Monday, November 3, 2008

Go West, Everyone -- New York DJ Action Dismissed and Sent to California

Kinder Morgan Energy Partners, L.P. v. Ace Am. Ins. Co.

(1st Dept., decided 10/30/2008)

If you had a Texas insured, a Pennsylvania insurer, and a California gas pipeline explosion with multiple deaths, bodily injuries and property damage, where would the DJ action over disputed coverage be brought?  New York, of course, right?  

Plaintiffs, headquartered in Houston, Texas, brought this declaratory judgment action against Ace American, headquartered in Philadelphia, Pennsyvlania, in New York State Supreme Court, New York County, seeking a declaration of rights under insurance policies issued by Ace in connection with coverage for a November 2004 gasoline pipeline explosion in California.  Ace unsuccessfully moved to dismiss or stay the action on grounds of forum non conveniens.

The First Department unanimously REVERSED on condition that Ace waive any statute of limitations defense in California:
In determining whether to dismiss an action on the ground of forum non conveniens, "[a]mong the factors to be considered are the burden on the New York courts, the potential hardship to the defendant, and the unavailability of an alternative forum in which plaintiff may bring suit. The court may also consider that both parties to the action are nonresidents and that the transaction out of which the cause of action arose occurred primarily in a foreign jurisdiction" (Islamic Republic of Iran v Pahlavi, 62 NY2d 474, 479 [1984, citations omitted], cert denied 469 US 1108 [1985]).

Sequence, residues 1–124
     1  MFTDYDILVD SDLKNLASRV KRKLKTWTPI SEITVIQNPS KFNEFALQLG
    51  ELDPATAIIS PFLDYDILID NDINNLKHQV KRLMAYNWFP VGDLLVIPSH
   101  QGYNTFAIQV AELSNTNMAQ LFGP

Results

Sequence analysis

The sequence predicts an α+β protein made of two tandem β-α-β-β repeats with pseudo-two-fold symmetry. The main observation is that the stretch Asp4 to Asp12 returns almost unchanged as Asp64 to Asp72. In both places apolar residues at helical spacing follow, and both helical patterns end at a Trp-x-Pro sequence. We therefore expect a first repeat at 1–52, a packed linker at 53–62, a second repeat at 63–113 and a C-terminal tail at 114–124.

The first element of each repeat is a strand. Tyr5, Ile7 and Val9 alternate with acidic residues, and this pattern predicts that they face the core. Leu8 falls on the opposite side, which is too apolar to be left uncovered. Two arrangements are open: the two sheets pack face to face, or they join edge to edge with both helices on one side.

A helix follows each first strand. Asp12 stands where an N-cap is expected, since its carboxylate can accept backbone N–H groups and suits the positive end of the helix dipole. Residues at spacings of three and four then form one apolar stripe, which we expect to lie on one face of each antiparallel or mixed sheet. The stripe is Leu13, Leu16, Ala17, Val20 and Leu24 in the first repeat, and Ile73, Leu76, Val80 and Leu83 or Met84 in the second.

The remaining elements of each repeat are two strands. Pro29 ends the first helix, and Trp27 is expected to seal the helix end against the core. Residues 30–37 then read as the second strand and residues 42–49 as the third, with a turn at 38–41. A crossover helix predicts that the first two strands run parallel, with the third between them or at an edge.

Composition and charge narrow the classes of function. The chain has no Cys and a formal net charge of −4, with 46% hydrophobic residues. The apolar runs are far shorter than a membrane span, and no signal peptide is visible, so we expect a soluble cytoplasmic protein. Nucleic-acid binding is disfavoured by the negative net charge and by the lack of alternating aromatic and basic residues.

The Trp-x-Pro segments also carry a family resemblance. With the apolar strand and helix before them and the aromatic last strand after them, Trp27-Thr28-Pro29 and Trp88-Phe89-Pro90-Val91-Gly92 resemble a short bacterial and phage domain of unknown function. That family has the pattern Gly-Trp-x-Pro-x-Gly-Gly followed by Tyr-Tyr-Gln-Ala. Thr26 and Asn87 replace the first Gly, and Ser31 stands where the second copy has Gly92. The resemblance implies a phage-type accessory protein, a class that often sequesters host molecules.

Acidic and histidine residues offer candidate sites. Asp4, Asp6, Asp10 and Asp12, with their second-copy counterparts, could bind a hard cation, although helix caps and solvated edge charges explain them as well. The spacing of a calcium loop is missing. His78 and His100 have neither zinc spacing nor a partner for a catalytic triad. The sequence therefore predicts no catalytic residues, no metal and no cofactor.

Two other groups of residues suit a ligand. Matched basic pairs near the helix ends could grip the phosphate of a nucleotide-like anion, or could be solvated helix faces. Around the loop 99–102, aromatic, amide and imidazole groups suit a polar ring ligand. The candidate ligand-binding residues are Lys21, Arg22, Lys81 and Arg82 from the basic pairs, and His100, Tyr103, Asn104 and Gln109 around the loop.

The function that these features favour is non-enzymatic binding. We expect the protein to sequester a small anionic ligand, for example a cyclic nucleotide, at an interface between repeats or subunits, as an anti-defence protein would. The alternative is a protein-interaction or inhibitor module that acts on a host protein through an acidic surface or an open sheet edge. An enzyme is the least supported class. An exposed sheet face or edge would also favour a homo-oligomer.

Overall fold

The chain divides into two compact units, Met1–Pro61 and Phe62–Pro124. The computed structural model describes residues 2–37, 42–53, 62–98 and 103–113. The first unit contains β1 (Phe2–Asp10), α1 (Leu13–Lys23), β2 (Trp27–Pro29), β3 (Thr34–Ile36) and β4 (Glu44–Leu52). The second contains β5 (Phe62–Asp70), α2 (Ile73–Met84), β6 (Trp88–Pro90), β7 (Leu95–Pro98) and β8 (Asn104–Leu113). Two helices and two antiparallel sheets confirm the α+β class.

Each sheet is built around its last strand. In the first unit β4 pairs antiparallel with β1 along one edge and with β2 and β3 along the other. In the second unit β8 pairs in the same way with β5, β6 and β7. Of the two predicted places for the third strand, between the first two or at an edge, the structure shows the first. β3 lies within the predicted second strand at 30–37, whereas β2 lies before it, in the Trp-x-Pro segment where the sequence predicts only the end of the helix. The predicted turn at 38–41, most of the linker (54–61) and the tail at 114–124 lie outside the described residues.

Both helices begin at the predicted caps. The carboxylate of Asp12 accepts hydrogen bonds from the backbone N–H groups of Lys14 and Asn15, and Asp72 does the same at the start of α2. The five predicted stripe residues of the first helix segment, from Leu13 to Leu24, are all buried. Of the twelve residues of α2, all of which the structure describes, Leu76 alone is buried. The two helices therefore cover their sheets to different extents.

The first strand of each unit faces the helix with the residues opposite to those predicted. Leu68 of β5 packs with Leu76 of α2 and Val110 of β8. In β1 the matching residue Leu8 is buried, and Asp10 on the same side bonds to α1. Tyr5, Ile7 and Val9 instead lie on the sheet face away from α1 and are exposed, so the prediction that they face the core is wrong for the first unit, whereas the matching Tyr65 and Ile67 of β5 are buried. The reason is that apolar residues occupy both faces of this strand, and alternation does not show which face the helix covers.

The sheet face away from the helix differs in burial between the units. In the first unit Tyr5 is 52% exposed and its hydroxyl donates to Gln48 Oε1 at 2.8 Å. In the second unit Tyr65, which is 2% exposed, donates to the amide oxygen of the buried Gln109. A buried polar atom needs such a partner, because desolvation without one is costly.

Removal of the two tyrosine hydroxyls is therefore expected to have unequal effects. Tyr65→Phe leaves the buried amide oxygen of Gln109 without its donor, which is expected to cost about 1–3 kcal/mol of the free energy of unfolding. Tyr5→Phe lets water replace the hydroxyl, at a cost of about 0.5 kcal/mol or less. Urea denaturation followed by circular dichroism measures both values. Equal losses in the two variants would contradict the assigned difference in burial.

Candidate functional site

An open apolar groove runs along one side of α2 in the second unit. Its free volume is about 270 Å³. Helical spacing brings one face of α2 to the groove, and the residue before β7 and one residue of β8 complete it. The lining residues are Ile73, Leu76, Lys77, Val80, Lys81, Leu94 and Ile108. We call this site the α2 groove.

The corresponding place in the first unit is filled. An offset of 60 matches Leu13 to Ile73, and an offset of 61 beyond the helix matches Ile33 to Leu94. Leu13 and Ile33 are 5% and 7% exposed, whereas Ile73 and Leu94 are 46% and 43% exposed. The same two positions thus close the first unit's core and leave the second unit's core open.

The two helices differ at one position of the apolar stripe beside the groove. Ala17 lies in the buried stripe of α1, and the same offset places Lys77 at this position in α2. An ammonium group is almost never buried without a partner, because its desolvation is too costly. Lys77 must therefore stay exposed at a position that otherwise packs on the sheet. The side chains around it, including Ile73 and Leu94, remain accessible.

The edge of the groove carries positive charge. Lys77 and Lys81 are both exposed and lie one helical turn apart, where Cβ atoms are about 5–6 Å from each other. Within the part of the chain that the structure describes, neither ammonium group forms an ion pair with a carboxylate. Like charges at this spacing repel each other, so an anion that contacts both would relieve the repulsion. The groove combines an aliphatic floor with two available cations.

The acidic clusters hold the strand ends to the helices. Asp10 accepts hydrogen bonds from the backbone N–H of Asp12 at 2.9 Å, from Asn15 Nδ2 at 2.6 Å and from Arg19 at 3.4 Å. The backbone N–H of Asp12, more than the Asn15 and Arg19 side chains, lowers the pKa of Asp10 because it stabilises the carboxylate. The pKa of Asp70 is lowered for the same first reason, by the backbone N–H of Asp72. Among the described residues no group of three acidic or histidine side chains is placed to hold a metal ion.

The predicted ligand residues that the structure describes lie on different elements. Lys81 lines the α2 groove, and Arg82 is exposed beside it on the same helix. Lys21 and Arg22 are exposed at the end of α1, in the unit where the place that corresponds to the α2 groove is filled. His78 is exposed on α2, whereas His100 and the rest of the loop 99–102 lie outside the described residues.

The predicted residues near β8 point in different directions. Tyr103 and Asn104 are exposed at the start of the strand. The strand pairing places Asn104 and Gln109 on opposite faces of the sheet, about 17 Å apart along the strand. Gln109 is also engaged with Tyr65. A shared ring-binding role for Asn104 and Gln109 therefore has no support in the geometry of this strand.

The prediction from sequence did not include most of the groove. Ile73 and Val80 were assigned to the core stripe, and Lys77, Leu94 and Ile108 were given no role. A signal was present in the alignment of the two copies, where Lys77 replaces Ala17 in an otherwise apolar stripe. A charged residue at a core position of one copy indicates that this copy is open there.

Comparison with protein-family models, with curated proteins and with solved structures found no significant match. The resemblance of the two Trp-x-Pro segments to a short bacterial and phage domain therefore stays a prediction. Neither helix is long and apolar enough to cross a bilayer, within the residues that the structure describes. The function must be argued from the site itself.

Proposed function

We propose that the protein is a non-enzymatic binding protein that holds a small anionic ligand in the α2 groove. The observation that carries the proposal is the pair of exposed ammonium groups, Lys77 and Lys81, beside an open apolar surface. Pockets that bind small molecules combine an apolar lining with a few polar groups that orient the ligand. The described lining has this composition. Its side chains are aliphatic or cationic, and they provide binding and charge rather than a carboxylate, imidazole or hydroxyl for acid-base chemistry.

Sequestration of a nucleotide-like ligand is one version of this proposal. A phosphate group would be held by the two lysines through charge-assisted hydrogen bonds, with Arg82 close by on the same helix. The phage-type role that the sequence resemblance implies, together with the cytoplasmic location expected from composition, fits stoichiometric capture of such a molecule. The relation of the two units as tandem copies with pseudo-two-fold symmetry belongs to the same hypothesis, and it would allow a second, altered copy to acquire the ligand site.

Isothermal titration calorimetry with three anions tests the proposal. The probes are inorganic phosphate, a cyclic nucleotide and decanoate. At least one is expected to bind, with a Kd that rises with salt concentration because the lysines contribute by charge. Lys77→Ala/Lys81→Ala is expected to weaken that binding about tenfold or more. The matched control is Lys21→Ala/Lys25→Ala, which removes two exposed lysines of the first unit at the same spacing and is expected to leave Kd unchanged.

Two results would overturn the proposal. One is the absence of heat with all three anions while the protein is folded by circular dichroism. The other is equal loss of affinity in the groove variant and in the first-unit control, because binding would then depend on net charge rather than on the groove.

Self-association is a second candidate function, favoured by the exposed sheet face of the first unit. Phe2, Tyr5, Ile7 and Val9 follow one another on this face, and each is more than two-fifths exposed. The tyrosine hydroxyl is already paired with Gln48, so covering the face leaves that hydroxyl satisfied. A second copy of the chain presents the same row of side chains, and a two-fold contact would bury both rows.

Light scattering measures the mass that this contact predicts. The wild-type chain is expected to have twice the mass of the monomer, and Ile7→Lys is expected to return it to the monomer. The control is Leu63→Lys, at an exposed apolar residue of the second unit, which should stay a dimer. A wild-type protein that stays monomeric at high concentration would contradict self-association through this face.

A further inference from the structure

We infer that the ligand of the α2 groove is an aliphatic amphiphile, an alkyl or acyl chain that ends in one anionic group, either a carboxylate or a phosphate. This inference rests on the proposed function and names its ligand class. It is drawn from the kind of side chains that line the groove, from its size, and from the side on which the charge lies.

The explosion caused physical damage in California, involved the alleged negligence of plaintiffs and nonparties there, and all of the underlying actions are pending in California, the residence of plaintiff SFPP. These facts support deference to California's stronger interest (see Flintkote Co. v American Mut. Liab. Ins. Co., 103 AD2d 501 [1984], affd 67 NY2d 857 [1986]). That the subject policies were issued in New York is but one factor to be considered (see Continental Ins. Co. v AMAX Inc., 192 AD2d 391 [1993], lv denied 82 NY2d 835 [1993]). 

Moreover, plaintiffs' claims are based on a contract allegedly requiring the procurement of insurance. The existence and terms of that contract are relevant to a determination of coverage, and the location of witnesses and documents concerning the contract, which was negotiated in and subject to the laws of California, is relevant.
Makes sense.

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